The Snake the Crocodile and the Dog is the seventh book in the Amelia Peabody series. In this mystery, Peabody and Emerson leave Ramses and Nefret behind and travel to Egypt for another excavation. Of course, trouble travels wherever they go, and this time, they meet with their archenemy, the Master Criminal inThe Snake the Crocodile and the Dog.
It was so entertaining reading about Nefret trying to settle into British society inThe Snake the Crocodile and the Dog. And of course, Ramses’s adoration of her is always a pleasure to read. InThe Snake the Crocodile and the Dog, we can only enjoy Ramses through his letters cause he is in England with Nefret, Walter and Evelyn. While Peabody and Emerson were searching for Nefertiti’s tomb and trying to enjoy a second honeymoon, the strangest thing happens.
Now Peabody has to take control and decide their faith. With a little help from friends and cats, she is onto another adventure, but this time the stakes are too high! Yet another cute and entertaining book in the Amelia Peabody series. Enjoy!
The Snake the Crocodile and the Dog
The Snake the Crocodile and the Dog: A brand-new Elizabeth Peters novel The Snake the Crocodile and the Dog is one of the uncompromising pleasures in life. As Peter Theroux in the New York Times Book Review points out, “Her wonderfully witty voice and her penchant for history lessons of the Nile both ancient and modern keep [her] high adventure moving for even the highest brows.”
In her previous outing, The Last Camel Died at Noon, Amelia Peabody and her dashing husband, Emerson, discovered a fabulous lost oasis in the Nubian desert. Now, in the seventh mystery in the series, the Emerson-Peabodys are travelling up the Nile once again to encounter their most deadly adversary, the Master Criminal, who is back at his sinister best.
Amelia Peabody was unabashedly proud of her newest translation, a fragment of the ancient fairytale “The Doomed Prince.” Later, she would wonder why no sense of foreboding struck her as she retold the story of the king’s favourite son who had been warned that he would die from the snake, the crocodile, or the dog. Little did she realize, as she and her beloved husband sailed blissfully toward the pyramids of ancient Egypt, that those very beasts (and a cat as well) would be part of a deadly plot. The expedition began so happily…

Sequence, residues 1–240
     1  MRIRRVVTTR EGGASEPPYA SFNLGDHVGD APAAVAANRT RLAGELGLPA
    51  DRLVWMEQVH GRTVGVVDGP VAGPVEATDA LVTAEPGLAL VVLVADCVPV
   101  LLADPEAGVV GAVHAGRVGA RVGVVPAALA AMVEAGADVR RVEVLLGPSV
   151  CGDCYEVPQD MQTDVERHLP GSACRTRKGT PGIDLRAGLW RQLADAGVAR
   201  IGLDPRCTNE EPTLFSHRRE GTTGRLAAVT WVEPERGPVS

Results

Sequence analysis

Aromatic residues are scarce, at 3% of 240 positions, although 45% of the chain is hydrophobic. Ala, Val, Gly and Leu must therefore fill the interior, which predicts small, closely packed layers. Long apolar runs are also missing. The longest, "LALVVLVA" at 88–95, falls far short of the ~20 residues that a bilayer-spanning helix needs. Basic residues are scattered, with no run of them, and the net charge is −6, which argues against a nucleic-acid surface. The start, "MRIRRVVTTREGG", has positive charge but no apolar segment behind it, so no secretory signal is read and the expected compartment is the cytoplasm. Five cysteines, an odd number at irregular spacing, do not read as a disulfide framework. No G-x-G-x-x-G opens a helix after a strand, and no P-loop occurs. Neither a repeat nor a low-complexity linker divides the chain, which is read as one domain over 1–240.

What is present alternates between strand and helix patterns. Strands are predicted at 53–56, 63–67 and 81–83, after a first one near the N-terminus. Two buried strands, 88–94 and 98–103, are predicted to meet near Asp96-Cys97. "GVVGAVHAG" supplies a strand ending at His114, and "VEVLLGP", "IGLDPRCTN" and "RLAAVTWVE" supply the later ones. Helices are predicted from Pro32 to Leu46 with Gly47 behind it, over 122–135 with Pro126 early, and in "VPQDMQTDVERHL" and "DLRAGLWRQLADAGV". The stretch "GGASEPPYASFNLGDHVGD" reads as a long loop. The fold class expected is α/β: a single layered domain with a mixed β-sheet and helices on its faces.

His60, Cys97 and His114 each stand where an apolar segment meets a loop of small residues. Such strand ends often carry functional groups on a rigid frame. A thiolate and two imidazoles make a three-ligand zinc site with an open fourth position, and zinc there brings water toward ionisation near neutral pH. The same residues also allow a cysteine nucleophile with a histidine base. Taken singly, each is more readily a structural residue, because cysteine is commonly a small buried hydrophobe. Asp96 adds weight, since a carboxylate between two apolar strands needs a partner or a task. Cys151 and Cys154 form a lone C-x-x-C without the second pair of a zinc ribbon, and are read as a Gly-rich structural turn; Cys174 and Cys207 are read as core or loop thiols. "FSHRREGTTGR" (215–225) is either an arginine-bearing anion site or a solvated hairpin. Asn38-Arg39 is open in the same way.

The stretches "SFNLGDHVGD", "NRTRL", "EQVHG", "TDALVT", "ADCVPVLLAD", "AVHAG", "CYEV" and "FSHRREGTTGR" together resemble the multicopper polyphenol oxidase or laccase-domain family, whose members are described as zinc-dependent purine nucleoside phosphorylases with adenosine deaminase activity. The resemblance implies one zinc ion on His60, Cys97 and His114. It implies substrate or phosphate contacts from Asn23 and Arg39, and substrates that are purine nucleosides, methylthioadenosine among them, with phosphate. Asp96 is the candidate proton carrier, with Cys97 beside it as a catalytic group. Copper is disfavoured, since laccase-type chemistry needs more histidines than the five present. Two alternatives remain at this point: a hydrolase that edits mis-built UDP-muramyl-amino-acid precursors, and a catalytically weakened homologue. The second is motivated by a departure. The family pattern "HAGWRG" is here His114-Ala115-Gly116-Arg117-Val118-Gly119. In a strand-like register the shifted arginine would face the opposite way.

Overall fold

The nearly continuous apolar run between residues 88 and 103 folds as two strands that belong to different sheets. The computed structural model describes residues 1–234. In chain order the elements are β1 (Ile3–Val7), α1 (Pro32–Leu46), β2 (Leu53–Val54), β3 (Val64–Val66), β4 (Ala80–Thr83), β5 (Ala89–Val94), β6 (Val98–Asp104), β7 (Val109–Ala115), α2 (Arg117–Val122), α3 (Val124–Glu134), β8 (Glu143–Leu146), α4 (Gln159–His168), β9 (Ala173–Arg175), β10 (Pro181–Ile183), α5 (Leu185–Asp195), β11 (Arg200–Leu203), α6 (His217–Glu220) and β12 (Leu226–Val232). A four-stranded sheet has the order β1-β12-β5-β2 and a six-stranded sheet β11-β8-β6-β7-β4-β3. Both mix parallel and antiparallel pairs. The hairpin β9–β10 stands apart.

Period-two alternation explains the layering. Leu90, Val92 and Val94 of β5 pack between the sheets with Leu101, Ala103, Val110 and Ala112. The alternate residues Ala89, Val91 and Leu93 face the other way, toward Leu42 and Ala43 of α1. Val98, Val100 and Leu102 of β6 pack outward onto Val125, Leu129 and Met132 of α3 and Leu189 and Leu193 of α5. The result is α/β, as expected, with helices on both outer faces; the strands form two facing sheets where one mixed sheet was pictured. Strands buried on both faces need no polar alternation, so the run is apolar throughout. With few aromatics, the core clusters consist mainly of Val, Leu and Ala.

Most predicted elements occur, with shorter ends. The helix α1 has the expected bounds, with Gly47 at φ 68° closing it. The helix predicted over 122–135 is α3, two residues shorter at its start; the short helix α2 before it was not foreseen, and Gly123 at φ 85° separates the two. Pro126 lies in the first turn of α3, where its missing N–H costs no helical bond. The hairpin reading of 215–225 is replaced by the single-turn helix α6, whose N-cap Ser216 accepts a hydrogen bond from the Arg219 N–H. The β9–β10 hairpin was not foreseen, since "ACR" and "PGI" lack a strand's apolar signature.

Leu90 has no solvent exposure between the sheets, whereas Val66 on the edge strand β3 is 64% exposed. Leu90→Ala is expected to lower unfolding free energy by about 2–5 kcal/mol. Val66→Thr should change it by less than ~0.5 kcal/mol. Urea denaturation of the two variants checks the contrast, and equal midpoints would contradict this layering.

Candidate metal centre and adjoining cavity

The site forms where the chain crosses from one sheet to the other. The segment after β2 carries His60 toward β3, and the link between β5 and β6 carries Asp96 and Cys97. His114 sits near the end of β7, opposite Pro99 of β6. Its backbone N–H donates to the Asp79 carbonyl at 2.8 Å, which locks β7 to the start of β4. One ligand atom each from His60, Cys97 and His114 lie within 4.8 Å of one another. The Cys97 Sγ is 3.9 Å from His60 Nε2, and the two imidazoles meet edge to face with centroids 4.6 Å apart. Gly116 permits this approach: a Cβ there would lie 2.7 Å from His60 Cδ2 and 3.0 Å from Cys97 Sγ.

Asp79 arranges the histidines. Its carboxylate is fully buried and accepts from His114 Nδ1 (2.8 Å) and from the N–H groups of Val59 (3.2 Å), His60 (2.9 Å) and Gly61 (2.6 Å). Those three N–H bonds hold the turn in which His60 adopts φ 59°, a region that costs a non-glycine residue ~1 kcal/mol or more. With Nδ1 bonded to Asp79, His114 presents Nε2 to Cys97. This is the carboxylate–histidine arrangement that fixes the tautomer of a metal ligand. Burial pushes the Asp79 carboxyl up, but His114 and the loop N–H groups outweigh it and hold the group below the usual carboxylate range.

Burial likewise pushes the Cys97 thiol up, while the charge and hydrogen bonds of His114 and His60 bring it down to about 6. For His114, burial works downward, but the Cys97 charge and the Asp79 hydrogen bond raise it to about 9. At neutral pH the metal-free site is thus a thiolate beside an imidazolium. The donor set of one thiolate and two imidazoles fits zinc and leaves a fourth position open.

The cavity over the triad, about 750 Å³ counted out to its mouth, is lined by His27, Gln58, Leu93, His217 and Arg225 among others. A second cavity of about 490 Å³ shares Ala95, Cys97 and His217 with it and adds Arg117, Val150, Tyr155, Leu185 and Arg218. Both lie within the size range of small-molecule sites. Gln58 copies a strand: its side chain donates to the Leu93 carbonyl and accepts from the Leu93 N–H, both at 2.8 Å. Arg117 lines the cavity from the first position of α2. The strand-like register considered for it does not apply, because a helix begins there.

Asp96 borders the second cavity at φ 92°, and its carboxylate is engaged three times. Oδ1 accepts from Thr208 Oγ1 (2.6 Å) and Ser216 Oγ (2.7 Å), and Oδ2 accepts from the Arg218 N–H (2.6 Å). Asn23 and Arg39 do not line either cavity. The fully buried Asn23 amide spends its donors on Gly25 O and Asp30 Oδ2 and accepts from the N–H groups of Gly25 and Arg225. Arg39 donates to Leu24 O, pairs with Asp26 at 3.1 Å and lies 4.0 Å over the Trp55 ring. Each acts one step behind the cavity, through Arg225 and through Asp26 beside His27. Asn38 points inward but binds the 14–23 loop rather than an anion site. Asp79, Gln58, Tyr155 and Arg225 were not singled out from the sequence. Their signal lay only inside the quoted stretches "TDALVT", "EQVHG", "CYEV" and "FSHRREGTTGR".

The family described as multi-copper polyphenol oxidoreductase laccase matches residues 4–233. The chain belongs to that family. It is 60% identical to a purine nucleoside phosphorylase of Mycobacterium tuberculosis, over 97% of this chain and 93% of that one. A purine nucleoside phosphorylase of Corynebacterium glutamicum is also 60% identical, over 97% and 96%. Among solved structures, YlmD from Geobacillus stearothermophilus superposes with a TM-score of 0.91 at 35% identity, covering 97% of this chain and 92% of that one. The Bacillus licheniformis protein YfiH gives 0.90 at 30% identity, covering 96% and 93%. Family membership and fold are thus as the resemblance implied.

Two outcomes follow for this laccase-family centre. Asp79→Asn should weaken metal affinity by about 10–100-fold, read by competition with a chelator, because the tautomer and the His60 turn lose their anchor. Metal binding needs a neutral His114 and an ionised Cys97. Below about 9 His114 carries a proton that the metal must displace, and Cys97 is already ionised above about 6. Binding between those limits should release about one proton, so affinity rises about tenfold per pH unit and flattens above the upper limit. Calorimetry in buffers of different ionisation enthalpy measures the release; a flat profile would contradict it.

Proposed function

Leaving their delightful, but catastrophically precocious, son, Ramses, back in England, Amelia hoped this romantic trip might rejuvenate her thirteen-year-old marriage and bring back the thrills that she feared were fading. She and her dear Emerson were returning to the remote desert site where they had first fallen in love, Amarna, the holy city of Akhenaton and his beautiful queen, Nefertiti.
But their return would threaten not only their marriage but their very lives with perils as chilling as a mummy curse. An old enemy was determined to learn Amelia and Emerson’s most closely guarded secret: the location of a legendary long-lost oasis and a race of people bedecked in gold. So cunning was his scheme that Amelia might overlook – until it was too late – the truth about the mystery. The Snake the Crocodile and the Dog.
Barbara Louise Mertz was an American author who wrote under her own name. As well as under the pseudonyms Elizabeth Peters and Barbara Michaels. In 1952, so she received a PhD in Egyptology from the University of Chicago. While she was best know for her mystery and suspense novels. In the 1960s she authored two books on ancient Egypt, both of which have remained in print ever since.
Barbara Gross was born on September 29, 1927, in Canton, Illinois. She graduated from the University of Chicago with a bachelor’s degree in 1947, a master’s degree in 1950, and a PhD in Egyptology in 1952, having studied with John A. Wilson. She authored two books on ancient Egypt (both of which have been continuously in print since first publication) but primarily wrote mystery and suspense novels.
She became a published writer in 1964. She was married to Richard Mertz for 19 years (1950-1969) which ended in divorce. They had two children, Peter and Elizabeth Mertz. Under the name Barbara Michaels, she wrote primarily gothic and supernatural thrillers.
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